Creon’s tragic flaw, hubris, causes his downfall
In "Antigone" the tragic hero is Creon. He suffers because of his flaw: pride. He cannot imagine that anyone else can be right. He is too inflexible and narrow in outlook to heed criticism or admit a mistake. At the close of the play, Creon recognizes and accepts his guilt, but the consequences of his acts can no longer be changed.
Creon will not listen to anyone.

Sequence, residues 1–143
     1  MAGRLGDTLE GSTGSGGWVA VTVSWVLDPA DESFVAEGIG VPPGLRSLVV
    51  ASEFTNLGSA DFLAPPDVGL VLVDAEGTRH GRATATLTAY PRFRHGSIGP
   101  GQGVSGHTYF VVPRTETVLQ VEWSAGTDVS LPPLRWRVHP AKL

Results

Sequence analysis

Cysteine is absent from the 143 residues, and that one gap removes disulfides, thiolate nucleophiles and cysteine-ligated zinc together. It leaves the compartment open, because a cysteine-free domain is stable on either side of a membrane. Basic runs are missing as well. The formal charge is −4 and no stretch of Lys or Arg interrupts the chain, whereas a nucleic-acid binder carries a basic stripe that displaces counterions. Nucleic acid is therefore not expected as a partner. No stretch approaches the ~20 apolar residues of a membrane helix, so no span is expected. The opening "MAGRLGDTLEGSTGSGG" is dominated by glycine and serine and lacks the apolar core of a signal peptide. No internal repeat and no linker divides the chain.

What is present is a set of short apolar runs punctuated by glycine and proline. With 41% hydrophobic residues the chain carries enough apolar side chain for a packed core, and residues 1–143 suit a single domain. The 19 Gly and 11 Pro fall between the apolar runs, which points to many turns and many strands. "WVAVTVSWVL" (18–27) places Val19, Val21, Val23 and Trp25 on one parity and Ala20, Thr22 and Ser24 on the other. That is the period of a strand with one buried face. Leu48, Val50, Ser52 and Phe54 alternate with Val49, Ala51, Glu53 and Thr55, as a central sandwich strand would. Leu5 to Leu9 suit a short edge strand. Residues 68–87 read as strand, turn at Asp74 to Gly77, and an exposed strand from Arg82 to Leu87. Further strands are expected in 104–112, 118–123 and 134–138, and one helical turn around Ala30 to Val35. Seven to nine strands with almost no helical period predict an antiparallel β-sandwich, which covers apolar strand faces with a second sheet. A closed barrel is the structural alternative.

A tragic hero is defined in most cases as a literary character of great stature whose moral defect leads to tragedy but some self-awareness brings the character to make the right decision (World Literatures). That is why although Antigone portrays many characteristics of a tragic hero, the real tragic hero of this play is Creon. A tragic hero in the Greek world is very different from our perceptive of a hero in the modern world. When today’s society thinks of a hero they think of superpowers and modern heroes such as Spiderman, Superman, and ect... A tragic hero is an 'above average' person, who still has very human flaws and therefore performs very “un-heroic” actions. The hero part takes place in the realization of the wrongs they have done and the attempt to strive for the betterment of themselves because of it. The Tragic Hero often takes a little more than he can handle, and this always leads to their ultimate suffering, which in this time era was most often death. In the Greek play Antigone, by Sophocles, Antigone is often mistaken to be the tragic hero. After all, the play is named after her. However, after reading through the entire play, this is not the case. The genuine tragic hero is Creon, as his power, actions, and flaws are what set the tragedy into a downward spiral. What Antigone lacks is remorse for her actions. A huge part of being a tragic hero is knowing the wrong-doing and showing remorse for the act weather it be criminal or on an immoral level.